Wednesday, June 20, 2018


A few weeks ago, I rear-ended someone on the freeway.

I was drowsy, dragging, having jumped in the car 10 minutes after waking, after performing the bare requirements to get the dog squared away and get myself on the road, en route to the grind.

The traffic was annoyingly--ingratiatingly--stop-and-go, and it took me a second too long to realize it was more stop than go. My commuter sneaker slipped slightly on the brake, and I knew I was in for it. My seat belt triggered, compressing my chest, forcing my cringing face forward as I crashed into the tail end of a Honda Odyssey.

Time elapsed as I stared down my red front hood, colliding, colliding, colliding into the white wall of a hinged van door. Protracted smashing, and then it was over.

Fucking fuck. A voice I didn't recognize from my own driver's seat.

I pulled over, foggily rummaging through my glove compartment, stunned, shamed, despondent. Resigned.

"Are you okay?" I asked the visibly irritated blonde women whose day, week, maybe month I'd just soured. I'm sorry, I wanted to say, I'm acquainted with ruined days. It was only a matter of time before I transgressed a perfect stranger.

We stood on the shoulder as the cars whizzed by. Clearly the bottleneck had resolved itself. We examined the damage, exchanged information, and coldly laid out next steps.


Is this what falling out of love feels like, I wonder? Operating in a haze, going through the motions of maintenance, and then the abrupt stun of impact and the paralyzing recognition of your culpability? The weight of anxiety as your reflexes kick in a moment too late. Surveying the wreckage with the only person in the world who knows just how egregious your offense.

Never mind the environment, never mind the stress. You didn't stop in time. At fault, the record will say. Would you like to document more details about the incident?

Maybe this is why we don't have insurance for our romantic lives. We could never afford the premiums.

Friday, May 5, 2017

A eulogy for doubt

"I'm not perfect," he said on our sixth date, on our second do-over.

"You don't have to be perfect," I said. "You just have to be trying."

What if we stop having a ball?
What if the paint chips from the wall?
What if there's always cups in the sink?
What if I'm not what you think I am?

"Don't give up on me," he said, after pushing me away didn't work. 

"Where there is love, there is no question," says the Yogi Tea tag taped to my desk.

What if I fall further than you?
What if you dream of somebody new?
What if I never let you win, chase you with a rolling pin?
Well, what if I do?


"Is he worth it?" she asked, after a weekend of wondering.

"All I know," I whispered, "is it's not time to give up yet."
I am giving up on making passes and
I am giving up on half empty glasses and
I am giving up on greener grasses
I am giving up

"Why would I jeopardize everything we've built?" he asked, after my mind played tricks.  

An answer, as quick as it was stunning: "You wouldn't." 

What if our baby comes home after nine?
What it your eyes close before mine?
What if you lose yourself sometimes?
Then I'll be the one to find you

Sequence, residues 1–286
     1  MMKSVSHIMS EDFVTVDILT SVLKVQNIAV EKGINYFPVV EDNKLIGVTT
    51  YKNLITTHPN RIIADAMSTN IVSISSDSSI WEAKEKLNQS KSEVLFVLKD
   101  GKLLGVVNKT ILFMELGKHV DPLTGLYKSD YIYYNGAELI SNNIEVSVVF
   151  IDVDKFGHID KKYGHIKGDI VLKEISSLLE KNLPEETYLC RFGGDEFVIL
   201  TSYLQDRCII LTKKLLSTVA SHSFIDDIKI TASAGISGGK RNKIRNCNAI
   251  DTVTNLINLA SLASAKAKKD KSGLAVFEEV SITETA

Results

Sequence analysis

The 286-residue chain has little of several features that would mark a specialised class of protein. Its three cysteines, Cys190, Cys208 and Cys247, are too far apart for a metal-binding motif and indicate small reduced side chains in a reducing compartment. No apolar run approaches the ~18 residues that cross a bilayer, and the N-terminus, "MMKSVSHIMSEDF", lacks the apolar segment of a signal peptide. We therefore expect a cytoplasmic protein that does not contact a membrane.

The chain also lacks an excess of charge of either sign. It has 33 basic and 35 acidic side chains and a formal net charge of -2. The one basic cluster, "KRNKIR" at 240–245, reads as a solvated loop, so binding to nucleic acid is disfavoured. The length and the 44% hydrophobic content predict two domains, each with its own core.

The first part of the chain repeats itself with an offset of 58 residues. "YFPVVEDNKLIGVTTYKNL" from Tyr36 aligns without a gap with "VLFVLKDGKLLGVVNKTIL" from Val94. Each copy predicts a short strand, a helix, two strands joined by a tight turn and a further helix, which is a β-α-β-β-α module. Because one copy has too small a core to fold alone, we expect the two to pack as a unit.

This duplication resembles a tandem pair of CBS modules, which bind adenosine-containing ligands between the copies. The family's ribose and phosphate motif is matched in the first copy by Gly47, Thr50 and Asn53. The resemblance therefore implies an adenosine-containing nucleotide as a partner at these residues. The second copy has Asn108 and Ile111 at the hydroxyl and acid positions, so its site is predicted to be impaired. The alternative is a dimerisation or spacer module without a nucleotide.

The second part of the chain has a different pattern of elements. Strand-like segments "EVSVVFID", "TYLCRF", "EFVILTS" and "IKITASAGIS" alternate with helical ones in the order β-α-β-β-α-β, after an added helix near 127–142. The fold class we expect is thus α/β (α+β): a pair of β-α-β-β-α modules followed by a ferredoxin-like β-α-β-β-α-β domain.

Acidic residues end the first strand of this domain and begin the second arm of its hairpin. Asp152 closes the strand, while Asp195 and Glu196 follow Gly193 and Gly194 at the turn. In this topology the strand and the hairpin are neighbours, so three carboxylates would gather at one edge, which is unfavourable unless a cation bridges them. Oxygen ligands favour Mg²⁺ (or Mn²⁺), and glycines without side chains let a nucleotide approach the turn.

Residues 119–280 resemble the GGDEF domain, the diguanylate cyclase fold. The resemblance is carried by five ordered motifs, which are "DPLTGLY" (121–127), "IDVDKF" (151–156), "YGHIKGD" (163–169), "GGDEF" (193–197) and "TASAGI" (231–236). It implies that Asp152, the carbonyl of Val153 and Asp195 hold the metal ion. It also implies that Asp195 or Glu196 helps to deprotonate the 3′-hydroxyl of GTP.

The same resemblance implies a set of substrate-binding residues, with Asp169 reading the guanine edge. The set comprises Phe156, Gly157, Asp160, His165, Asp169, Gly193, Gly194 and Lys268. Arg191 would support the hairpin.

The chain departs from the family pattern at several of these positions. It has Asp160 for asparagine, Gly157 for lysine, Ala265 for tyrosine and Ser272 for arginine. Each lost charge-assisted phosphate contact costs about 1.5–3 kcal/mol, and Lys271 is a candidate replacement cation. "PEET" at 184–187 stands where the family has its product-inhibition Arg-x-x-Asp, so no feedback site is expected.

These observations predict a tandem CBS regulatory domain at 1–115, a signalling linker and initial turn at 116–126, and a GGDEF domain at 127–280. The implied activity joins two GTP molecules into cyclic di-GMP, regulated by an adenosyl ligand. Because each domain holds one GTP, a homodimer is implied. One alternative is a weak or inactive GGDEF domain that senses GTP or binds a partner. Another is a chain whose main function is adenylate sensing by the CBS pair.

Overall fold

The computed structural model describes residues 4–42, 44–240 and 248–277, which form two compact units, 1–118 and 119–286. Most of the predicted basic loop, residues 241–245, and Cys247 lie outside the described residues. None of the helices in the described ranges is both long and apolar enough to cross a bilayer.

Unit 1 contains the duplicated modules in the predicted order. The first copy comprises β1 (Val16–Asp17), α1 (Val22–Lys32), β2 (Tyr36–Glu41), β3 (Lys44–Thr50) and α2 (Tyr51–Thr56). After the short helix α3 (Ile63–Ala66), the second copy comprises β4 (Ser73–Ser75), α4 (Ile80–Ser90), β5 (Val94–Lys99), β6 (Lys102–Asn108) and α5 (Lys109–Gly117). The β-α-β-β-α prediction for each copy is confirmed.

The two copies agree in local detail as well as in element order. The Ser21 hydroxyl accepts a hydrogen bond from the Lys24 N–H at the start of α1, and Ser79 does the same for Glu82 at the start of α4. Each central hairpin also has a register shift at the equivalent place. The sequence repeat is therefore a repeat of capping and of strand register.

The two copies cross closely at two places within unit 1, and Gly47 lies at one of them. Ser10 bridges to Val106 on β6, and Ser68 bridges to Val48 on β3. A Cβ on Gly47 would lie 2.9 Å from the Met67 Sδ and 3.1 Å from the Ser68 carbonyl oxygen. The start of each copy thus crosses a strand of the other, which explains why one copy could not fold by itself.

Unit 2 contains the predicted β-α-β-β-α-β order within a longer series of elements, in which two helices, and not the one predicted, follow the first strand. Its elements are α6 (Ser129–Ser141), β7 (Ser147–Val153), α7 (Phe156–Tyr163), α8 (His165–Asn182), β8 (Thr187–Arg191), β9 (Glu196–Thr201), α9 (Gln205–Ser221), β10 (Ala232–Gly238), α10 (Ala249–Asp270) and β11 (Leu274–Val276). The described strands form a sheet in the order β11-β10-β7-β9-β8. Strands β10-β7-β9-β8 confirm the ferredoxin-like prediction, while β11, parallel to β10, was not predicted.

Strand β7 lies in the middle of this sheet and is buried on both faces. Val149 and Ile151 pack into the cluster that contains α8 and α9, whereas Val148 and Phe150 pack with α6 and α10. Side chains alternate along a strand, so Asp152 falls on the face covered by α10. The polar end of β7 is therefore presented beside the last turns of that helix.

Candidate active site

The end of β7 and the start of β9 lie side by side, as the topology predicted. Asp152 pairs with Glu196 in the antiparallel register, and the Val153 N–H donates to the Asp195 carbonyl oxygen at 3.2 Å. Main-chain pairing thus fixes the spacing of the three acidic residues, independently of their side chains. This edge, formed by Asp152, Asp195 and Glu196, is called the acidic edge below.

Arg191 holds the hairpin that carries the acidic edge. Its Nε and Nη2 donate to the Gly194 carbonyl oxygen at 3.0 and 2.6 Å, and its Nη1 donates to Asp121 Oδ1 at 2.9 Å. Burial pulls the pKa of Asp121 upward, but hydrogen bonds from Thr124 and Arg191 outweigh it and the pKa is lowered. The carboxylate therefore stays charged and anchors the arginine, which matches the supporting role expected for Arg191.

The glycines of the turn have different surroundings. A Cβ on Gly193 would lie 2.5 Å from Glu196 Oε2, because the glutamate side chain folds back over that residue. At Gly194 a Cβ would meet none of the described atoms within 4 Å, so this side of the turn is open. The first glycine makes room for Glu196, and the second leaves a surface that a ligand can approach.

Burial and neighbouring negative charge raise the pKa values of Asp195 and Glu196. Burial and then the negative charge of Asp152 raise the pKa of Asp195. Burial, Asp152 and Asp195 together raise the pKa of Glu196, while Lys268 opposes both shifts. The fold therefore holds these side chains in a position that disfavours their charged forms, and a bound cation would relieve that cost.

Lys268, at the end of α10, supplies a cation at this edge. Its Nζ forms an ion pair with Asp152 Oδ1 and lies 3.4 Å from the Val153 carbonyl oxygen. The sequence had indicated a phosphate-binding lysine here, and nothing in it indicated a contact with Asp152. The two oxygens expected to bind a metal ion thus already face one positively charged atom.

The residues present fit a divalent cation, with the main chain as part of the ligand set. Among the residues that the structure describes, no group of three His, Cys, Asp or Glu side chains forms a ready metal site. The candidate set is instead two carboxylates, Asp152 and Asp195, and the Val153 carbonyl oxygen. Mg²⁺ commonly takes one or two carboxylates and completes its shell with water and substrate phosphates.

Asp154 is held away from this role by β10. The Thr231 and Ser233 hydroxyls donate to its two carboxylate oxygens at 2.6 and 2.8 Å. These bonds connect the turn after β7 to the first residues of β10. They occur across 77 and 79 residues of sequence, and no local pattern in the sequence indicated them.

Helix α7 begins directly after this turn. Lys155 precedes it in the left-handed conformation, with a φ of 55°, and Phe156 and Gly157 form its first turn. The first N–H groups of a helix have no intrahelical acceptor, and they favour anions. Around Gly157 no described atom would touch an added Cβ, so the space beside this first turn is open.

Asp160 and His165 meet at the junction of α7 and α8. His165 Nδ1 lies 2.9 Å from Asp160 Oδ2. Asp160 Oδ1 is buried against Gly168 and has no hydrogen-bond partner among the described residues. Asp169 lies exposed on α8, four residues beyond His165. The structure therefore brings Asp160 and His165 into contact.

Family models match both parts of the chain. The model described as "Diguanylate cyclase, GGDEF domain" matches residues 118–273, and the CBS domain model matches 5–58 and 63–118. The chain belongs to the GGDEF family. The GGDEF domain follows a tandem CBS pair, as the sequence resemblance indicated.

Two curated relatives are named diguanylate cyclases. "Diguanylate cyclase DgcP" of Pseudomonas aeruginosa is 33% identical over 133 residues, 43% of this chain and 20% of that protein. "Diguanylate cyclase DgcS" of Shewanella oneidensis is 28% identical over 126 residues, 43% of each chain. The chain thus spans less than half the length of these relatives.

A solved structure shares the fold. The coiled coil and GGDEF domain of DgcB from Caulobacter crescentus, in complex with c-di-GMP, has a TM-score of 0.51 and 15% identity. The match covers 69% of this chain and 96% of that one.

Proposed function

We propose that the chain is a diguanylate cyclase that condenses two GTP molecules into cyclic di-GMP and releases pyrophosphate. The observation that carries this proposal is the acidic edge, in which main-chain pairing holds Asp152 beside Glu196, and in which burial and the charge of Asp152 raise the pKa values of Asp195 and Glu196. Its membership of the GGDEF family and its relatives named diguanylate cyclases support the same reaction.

Safe in my heart

"Am I cut out for this?" I asked myself, after one of the hard conversations.

"We will get through this," he said, after pushing him away didn't work. "Together."

'Cause I am giving up
on greener grasses 
I am giving up for you, oh
I am giving up for you, oh
I am giving up

--Ingrid Michaelson, Giving Up

Thursday, May 5, 2016

Summer 2016 Bucket List

It's that time again! You know, the time where I make an exhaustive list of what's in my calendar this summer so I can look back when I am in the depths of winter and remember that all of life is not darkness and hibernation.

So far my summer bucket list includes:
  • A Cubs game Ferris Bueller Day     X

  • Wanderlust 108, a mindful triathlon      X
  • A Chicago bike ride scavenger hunt with the Marquette crew     X

  • Yoga in the Sky at the Navy Pier Rooftop Terrace #yogainweirdplaces     X

   So instagrammable.

And a bonus horseback ride to boot!
  • Dave Matthews cover band at a street fest
  • Ferris Bueller's Day Off in Millennium Park
  • Citizen Cope at House of Blues
  • Brett Dennen at Thalia Hall    X    (Received Casey's nod of approval: XX)

  • Camping in the U.P.
  • Kayaking in the U.P.
  • Watching Henley swim in the U.P.       X
  • Making S'mores with my mom on the back deck around the fire pit       X
  • The Roots at Taste of Chicago     X
  • An amazing Seattle and Portland road trip with not one but TWO of my soul sisters!      X
  • Yoga at the Red Rocks Amphitheatre and other Denver adventures!     X
  • Seeing my bestie get married to an awesome Yooper transplant     X
  • Dixie Chicks at the Resch Center with my family      X
  • Watching grandipants dance like a moron to this song every chance we get      X

Wednesday, May 4, 2016

Dear You

Every time I've sat down to write over the past four months, nothing...came. That's the best way I can describe what happens when writing goes well: If I am ready, the words come. They arrive, and they march out in order and then I do a once-over with a comb in hand and say, hey you, you're the tallest, you belong in the back row, break a leg out there, guys and then we're ready to hit the stage.

Not so much when I'm not ready. When I'm still sorting it out or fumbling around in the dark back stage. When I'm still learning. And so it is right now, and so it has been for four months. Right now I have a giant stew (I cannot even be bothered to align my mixed metaphors) of feelings, and feelings about feelings, and the real Easter miracle: the second coming of hope. But at least my stew is regret-free. And everyone knows that regret is the gluten of feelings.

I'm still running over the events and the lessons of the last few months in my mind, memorizing my lines so that when I'm in the spotlight, they come like second nature. I am rehearsing, for who--I don't know, but I have stage fright. There is just so much that is new to me.